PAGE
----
Ask Colin

If a stock goes ex-dividend, do you give some tolerance to its stop loss point?

The short answer to this question is no. However, I need to explain why the answer is no.

A stop-loss point is defined in my mind as the price level which, if the stock fell through it, I am wrong about the investment. So, if my stop-loss level is violated I sell without hesitation, because the investment has failed.

This sounds easy, but it is far from simple. I have made it simple because I have a very clear concept of what I am trying to do in my investing. I am trying to capture an uptrend. I build a position into a developing uptrend. An uptrend requires that each trough is higher than the last one. So, my investment has failed if the trend fails. The trend has failed if a correction falls lower than the previous correction. So, you can see that the stop-loss method I use is a logical outgrowth of the investment plan itself.

A good trend will extend over several years and there will be two dividends a year. Good trends are rarely ended by a dividend payment causing an unusual drop in price. If it does occasionally, it does not worry me. That is the nature of investing. If the trend reasserts itself later, I can always buy it back. However, as I said I this is a very rare situation. I can’t remember the last one.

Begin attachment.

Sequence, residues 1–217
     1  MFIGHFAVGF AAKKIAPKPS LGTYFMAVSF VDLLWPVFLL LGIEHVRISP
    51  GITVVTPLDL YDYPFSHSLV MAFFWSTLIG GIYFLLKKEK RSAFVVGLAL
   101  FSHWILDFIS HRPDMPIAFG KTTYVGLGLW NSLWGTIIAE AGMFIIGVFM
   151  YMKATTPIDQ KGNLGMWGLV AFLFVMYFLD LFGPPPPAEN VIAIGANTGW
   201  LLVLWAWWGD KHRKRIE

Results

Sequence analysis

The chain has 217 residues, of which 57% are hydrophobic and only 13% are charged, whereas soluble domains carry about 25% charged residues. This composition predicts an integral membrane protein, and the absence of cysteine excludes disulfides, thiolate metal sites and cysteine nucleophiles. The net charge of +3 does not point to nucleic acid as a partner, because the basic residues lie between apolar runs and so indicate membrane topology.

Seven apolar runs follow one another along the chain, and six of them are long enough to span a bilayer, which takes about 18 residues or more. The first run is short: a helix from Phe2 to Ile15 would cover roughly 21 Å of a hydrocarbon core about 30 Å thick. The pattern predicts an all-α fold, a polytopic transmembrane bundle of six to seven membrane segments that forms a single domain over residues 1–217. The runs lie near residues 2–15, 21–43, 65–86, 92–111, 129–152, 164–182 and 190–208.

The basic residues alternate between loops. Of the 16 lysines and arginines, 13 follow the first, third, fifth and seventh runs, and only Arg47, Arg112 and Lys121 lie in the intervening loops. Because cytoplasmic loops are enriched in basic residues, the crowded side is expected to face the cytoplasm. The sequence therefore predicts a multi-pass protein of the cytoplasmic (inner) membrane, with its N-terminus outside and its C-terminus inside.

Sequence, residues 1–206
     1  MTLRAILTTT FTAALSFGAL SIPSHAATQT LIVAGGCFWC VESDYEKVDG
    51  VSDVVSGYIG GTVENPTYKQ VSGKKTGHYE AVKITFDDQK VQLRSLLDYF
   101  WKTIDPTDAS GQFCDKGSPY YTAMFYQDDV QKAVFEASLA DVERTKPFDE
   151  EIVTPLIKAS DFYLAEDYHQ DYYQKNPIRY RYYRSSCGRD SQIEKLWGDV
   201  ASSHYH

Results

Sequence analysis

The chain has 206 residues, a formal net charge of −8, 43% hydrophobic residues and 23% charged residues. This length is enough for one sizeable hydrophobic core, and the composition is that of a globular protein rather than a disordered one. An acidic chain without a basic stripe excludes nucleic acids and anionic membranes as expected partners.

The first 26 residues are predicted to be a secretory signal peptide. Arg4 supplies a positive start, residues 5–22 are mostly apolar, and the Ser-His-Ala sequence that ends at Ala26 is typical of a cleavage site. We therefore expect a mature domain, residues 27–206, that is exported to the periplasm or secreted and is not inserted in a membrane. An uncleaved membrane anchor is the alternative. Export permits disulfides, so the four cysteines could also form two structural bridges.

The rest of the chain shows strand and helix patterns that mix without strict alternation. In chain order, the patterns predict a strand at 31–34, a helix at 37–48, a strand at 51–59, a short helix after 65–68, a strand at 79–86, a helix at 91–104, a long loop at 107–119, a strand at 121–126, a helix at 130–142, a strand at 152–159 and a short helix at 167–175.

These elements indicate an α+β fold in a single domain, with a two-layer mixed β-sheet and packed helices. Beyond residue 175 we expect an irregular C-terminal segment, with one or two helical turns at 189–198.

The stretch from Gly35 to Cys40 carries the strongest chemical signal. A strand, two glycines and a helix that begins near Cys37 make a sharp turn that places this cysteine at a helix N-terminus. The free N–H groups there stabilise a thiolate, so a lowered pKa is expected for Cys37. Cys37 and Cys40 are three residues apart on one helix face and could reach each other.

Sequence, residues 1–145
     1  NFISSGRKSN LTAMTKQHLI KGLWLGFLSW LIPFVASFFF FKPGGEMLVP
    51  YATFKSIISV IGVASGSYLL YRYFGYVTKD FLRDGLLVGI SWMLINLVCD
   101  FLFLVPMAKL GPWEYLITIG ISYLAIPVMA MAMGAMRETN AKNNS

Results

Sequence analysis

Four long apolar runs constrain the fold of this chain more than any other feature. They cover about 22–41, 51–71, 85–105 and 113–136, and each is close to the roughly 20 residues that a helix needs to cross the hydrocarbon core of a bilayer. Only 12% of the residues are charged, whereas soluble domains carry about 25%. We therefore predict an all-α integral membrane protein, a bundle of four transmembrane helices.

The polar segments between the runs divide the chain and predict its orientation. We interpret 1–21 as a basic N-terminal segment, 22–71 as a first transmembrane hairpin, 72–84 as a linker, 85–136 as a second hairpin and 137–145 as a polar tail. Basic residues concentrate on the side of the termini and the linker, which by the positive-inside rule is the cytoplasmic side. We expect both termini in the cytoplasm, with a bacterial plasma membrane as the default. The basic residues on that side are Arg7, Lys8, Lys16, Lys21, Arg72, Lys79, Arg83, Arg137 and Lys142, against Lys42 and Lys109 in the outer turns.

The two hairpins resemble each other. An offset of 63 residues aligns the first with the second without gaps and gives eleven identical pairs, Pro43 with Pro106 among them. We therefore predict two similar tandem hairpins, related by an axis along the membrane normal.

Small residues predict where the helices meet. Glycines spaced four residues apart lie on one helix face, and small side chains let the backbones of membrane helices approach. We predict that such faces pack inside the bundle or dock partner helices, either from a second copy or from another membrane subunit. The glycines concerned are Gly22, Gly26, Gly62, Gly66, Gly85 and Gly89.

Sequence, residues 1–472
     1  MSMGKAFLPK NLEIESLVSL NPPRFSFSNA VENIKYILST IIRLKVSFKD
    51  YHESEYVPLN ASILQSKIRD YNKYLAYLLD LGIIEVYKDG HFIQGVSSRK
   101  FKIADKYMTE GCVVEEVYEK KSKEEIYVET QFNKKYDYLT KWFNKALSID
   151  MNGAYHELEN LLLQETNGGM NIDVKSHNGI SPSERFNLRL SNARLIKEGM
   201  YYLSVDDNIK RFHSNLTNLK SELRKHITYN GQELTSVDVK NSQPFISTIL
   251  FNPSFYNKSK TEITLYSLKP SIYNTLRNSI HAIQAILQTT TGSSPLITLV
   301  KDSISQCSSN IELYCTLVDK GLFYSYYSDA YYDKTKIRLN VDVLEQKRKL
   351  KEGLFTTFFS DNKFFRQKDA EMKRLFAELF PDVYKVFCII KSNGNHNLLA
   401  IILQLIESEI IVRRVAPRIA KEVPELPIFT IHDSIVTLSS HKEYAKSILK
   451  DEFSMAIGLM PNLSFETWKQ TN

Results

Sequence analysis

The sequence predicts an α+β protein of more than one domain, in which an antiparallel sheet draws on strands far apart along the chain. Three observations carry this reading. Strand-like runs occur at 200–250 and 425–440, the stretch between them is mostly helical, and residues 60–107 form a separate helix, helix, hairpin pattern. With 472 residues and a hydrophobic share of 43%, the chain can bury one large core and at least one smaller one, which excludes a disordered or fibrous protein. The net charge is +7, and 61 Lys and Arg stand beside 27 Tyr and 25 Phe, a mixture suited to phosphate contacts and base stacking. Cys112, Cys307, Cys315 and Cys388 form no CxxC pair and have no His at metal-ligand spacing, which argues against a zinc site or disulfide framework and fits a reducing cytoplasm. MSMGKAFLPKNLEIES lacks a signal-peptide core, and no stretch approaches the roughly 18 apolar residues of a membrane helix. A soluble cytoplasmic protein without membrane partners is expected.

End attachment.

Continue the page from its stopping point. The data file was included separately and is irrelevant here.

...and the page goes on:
Many people do not have a clear idea of what they are trying to do. Also, it follows that their stop-loss level may be unconnected logically with the objective of their investment. Mostly it is quite arbitrary. This is not conducive to sound investing.

The reason that I have no trouble with my stop-loss levels is that I define the first one before I put on the order. Indeed, I need to define it in order to measure my risk and calculate the initial position size. I then have clear rules for how I move the stop-loss level up as the trend unfolds. I will always have that stop-loss level decided and marked on the chart before the price action happens that triggers it.

There are two exceptions to this. I have two sell-stops that can be higher than my stop-loss level. These are alternative ways the trend can fail before it falls to my stop-loss level. I also mark these on my chart before the price action happens.

So, it really is easy. I decide where I am wrong and mark it on the chart well before it happens. Then if the price falls through one of the levels, I sell without having to think about it. I feel good about that, even if it is a losing investment. The only time I would feel bad is if I hesitated and did not execute my stop-loss. I don’t like to feel bad, so I always execute the stop-loss immediately – the easy way out.